So, I’m passing the day solo and trying to remain as inconspicuously so as possible I pity the man who comes near. Old Iron Fists Collins here. Tonight at 11:30PM I’m taking the train to Thionville – will sleep on the train. “Sleep”, a euphemism for remaining on guard. I’m sitting on the edge of the lake, which is no punishment or exile – God, It’s glorious.

Sept. 22, 1982

The evening after my imbroglio, I spent with a beautiful young Italian boy- I say boy, because he was about 18-19, and was refreshing in his playfulness. He approached me by offering me a smoke – of hashish, no less, which I politely refused – images of imprisonment lingered in my brain the entire time we were together, even after he buried his “drogues” in a hole nearby. It was really a lovely evening, spent talking about inanities, really, listening to his ghetto blaster and watching the night settle in. There are certain safeties of being with someone and also a comfort of human companionship, of course.

ThionvilleAt Thionville, after a long night on the train with no sleep (I slept on the floor in the passageway, kicked every five minutes or so) I found L’Auberge, and the propriertaire let me sleep all day long in spite of the fact that the hostel was closed. It was great. There, that night, I met Mikie and Tom, a Finnish woman and Canadian man traveling together and we went out for a beer (coke). It was especially refreshing to speak English in more than the most crude way.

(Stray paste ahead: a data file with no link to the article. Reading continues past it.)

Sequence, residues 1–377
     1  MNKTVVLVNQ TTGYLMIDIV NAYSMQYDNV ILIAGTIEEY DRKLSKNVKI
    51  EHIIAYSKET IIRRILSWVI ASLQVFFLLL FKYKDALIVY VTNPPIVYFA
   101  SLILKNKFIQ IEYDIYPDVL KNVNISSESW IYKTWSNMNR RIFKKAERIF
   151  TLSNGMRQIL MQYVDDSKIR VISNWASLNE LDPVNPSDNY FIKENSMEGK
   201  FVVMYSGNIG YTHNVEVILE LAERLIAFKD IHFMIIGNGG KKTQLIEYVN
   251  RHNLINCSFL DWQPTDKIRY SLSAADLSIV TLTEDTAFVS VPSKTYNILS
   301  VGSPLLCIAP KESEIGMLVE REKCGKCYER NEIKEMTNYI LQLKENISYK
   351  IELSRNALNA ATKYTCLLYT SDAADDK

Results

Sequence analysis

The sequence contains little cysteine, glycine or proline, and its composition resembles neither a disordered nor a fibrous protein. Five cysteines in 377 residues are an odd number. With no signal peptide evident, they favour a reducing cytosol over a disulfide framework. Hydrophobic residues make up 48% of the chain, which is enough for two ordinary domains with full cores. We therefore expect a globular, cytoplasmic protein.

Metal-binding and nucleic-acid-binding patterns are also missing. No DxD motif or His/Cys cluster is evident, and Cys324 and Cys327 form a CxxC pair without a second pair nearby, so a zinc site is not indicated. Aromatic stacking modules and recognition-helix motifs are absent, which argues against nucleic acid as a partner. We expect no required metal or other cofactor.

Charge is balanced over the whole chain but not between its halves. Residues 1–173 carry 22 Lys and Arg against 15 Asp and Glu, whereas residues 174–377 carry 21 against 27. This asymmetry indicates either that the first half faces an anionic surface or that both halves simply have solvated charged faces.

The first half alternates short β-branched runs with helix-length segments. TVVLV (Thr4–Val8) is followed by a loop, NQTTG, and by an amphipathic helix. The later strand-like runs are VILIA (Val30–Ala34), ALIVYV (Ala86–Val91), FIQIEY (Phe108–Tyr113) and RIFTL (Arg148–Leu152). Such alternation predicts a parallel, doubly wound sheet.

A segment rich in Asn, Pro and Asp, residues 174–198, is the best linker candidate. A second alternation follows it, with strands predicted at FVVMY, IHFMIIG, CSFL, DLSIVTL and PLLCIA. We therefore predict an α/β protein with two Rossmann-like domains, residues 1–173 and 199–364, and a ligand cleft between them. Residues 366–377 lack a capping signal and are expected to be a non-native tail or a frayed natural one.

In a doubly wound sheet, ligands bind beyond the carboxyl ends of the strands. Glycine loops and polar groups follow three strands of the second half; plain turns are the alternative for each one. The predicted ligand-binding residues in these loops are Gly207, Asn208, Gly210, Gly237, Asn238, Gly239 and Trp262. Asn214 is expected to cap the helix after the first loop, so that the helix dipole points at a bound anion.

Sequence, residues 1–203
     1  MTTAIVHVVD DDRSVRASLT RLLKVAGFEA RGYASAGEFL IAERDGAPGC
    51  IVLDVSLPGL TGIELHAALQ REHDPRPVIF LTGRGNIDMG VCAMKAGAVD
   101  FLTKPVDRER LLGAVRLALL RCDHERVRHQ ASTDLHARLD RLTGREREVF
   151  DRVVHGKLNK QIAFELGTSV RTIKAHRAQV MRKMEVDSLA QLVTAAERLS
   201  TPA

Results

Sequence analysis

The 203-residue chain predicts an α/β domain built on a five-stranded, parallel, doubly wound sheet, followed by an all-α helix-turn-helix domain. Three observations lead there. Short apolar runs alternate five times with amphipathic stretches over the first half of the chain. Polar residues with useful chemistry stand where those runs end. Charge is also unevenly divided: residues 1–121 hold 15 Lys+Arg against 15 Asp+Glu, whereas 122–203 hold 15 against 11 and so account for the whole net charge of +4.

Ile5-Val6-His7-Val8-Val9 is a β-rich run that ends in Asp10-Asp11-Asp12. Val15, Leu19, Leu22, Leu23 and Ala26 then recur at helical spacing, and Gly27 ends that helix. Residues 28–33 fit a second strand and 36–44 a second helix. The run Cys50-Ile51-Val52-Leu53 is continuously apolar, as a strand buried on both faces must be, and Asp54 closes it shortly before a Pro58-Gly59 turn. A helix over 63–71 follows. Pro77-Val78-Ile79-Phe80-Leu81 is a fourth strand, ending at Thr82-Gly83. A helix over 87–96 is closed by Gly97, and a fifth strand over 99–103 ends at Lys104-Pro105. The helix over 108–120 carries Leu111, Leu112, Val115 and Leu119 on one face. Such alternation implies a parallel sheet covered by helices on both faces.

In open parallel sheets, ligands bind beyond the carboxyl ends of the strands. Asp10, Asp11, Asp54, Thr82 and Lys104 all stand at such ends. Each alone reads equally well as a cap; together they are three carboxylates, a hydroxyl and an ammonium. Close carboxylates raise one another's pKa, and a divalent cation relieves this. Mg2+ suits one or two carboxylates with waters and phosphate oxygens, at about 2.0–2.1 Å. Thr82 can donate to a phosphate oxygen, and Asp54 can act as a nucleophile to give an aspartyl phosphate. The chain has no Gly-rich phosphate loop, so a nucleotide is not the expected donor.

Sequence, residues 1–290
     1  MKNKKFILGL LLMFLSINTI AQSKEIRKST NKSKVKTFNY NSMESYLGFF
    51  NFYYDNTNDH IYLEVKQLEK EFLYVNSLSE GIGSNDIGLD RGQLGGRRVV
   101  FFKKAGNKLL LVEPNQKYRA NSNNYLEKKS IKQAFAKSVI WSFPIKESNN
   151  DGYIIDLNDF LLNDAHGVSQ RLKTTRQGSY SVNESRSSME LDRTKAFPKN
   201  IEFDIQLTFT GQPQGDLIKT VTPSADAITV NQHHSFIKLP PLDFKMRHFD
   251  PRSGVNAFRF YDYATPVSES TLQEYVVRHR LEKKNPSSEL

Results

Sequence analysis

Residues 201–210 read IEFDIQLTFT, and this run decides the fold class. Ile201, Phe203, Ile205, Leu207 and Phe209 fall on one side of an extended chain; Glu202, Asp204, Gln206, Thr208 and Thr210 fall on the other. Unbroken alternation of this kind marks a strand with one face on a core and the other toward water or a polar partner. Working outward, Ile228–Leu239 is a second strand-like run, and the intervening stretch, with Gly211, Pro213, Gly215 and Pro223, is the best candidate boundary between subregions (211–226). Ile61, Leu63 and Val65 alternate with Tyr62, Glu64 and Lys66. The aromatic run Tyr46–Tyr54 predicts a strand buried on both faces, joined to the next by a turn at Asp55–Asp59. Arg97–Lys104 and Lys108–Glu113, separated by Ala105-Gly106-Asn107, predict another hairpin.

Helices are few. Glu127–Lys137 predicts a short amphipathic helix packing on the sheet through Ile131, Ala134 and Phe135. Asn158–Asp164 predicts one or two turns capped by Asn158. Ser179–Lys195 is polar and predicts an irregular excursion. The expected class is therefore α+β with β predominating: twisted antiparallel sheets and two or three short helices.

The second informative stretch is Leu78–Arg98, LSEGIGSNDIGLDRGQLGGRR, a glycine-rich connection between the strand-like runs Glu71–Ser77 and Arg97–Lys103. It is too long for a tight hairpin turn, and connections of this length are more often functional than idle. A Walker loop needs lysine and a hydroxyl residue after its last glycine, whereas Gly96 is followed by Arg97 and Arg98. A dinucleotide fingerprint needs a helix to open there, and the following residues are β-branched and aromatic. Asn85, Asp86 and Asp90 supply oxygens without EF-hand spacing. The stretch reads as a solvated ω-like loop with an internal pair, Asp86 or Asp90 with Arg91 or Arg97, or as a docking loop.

The next day, I spent reading, walking around Thionville, Thionville2 and buying books (when it rained). First French books, and a dictionaire. The next day, the 21st, on to Bruxelles, Bruxellesand finding the hostel gutted and ferme (yes, you guessed, closed), I proceeded to Chab, where I met Jessie James, an American vet who was stranded in Brussels, waiting for his veteran’s pension. Pretty interesting guy – “Jessie James” isn’t far off the mark – has quite a few tricks up his twenty-seven-year-old sleeve. Told me about “doing an American Express” to “double your money.” I had to like him, though he was incredibly smooth to the point of being “glissant.” My roommates at the hostel were fascinating –Oorna, a young Israeli woman – I would have liked to travel with her. She reminded me a little of Jessica, tough, but with a true mirth that comes of having seen some things. She had served in the army two years and was proud of her country, but had problems with the evacuation from Beirut of the Palestinians. It is getting very rough in Europe now, with assassinations of Jews occurring in Paris, Amsterdam. It is not a good time to be Jewish and traveling here.

On to Amsterdam today to get my mail!